Myths, legends, a large black hound, and spiritual proof of a visitation from Conan Doyle occupy the country folk of Ledwardine.
Former TV personality Ben Foley has sunk his last shilling into Stanner Hall. Although the Baker Street League has declined to hold its next conference at the Victorian mansion, The White Company, a group determined to contact Conan Doyle psychically to prove his Hound of the Baskervilles was based on local legend, has booked rooms. Independent TV producer Anthony Largo, whom Ben has talked into filming the proceedings, seems especially keen on the project once he meets the lovely hotel manager, Natalie, now sharing digs with reticent farmer Jeremy Berrows. Also keeping secrets is teenaged chambermaid/gofer Jane Watkins, who knows her mum, Rev. Merrily Watkins, Deliverance Consultant for the Church of England, will find the proceedings hogwash. Meantime, local squire Sebbie Dacre, a bad-tempered alcoholic with madness in his family tree, is hiring gunmen and shooting up Jeremy’s farm, which used to belong to Sebbie’s family. Snow falls. Ectoplasm unfurls (maybe). And there are sightings of an enormous hound that, according to local legend, is a fatal portent that can be traced 500 years back to the death of Thomas Vaughn.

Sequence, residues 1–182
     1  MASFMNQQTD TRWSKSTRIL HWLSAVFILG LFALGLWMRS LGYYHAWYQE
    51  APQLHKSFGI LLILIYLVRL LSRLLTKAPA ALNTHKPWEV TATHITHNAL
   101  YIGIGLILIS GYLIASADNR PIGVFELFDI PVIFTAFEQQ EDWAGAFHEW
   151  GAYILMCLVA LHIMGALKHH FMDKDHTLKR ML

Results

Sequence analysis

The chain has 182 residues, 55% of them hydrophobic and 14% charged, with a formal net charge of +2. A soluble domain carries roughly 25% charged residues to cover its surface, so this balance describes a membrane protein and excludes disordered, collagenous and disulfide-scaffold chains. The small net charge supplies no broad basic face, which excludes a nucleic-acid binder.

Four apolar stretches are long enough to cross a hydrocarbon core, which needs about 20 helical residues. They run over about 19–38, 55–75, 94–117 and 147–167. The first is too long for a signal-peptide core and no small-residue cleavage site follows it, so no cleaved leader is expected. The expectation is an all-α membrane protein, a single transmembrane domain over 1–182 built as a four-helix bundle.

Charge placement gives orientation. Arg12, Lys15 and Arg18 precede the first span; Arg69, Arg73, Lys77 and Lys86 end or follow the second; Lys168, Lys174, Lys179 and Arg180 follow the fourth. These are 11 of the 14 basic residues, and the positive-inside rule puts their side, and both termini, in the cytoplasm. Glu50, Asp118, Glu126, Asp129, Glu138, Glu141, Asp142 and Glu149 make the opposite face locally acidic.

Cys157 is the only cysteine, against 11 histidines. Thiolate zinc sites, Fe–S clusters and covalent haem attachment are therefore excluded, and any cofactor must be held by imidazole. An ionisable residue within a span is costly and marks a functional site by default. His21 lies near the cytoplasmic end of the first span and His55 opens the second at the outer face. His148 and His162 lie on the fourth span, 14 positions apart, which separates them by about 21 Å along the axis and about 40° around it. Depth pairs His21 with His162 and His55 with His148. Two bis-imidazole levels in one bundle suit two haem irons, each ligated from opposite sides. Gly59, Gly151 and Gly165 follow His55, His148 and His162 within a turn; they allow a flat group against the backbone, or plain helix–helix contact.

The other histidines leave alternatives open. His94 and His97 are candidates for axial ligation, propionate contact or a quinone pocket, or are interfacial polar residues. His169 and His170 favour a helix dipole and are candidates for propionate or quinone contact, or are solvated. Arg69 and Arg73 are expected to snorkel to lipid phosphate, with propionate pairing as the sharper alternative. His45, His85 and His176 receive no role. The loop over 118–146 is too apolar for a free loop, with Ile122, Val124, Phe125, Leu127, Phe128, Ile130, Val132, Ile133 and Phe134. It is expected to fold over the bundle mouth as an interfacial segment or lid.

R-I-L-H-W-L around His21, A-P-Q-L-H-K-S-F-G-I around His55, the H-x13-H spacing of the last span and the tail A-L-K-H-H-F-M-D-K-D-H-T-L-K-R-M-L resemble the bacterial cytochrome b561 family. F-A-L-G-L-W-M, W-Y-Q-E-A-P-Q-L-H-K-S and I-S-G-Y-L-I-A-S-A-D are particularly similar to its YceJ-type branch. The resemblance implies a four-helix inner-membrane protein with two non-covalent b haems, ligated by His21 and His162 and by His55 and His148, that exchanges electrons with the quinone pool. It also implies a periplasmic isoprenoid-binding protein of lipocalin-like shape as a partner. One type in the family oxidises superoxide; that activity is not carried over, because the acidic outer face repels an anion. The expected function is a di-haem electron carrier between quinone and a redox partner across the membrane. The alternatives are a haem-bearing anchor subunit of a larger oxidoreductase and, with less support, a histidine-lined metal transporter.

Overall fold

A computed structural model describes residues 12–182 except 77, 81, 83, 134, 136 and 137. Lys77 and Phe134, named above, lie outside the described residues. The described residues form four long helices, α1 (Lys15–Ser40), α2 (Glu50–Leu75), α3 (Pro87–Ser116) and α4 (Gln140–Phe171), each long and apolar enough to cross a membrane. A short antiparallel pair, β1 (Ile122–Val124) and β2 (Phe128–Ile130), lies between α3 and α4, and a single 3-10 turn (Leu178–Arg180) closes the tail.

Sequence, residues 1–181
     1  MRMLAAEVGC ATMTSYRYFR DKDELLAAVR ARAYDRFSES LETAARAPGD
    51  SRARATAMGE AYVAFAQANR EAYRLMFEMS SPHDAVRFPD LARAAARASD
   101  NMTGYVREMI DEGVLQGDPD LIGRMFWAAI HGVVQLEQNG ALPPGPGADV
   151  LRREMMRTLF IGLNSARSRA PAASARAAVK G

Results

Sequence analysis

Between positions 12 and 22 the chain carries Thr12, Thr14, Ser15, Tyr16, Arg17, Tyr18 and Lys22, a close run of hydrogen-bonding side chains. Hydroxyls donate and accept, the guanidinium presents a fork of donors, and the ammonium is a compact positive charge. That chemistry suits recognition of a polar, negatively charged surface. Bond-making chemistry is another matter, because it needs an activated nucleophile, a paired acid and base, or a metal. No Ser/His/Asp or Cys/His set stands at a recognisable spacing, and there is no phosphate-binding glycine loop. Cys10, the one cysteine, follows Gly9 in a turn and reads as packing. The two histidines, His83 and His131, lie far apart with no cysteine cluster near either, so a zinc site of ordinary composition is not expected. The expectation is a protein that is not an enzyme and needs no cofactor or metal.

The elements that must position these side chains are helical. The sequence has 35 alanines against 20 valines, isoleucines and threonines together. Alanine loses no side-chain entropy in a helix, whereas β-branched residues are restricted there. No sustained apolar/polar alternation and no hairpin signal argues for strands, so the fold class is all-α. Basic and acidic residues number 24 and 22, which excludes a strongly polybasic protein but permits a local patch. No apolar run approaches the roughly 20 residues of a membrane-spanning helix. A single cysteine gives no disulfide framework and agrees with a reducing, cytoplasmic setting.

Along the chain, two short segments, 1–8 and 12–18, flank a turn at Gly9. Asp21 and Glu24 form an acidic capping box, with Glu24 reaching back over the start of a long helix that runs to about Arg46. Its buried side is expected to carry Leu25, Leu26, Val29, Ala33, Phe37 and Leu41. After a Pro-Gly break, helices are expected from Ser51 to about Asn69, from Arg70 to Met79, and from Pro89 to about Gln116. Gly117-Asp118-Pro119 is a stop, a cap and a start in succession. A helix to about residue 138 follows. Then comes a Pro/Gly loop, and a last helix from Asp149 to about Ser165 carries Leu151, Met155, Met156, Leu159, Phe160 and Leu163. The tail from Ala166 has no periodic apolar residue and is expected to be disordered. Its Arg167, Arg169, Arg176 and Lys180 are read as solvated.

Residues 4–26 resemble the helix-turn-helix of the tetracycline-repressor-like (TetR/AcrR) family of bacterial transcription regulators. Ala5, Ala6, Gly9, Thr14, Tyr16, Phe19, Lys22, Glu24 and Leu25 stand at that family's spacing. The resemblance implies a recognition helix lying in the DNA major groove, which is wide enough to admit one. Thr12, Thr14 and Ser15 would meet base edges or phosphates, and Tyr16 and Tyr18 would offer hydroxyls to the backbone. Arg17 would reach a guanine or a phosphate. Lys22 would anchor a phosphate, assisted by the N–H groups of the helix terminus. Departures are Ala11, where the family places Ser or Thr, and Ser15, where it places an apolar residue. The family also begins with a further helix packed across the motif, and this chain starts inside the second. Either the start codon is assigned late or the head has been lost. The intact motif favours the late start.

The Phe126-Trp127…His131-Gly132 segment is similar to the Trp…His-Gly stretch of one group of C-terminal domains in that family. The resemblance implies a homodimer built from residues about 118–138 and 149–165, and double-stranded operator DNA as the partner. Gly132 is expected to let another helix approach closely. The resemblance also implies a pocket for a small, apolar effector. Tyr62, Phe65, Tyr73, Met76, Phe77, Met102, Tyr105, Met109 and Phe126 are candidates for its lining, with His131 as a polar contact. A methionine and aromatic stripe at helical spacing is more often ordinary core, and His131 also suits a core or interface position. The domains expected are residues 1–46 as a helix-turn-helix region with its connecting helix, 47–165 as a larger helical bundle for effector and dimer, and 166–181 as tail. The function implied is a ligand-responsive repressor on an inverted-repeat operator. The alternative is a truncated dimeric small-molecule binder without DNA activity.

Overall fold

Rickman, a thinking reader’s Elizabeth George, continues his traversal of Welsh superstitions, Church of England conundrums, and true-crime touchstones (The Lamp of the Wicked, 2003, etc.) with an added bonus for Sherlockians: an explanation of that Hound’s genesis.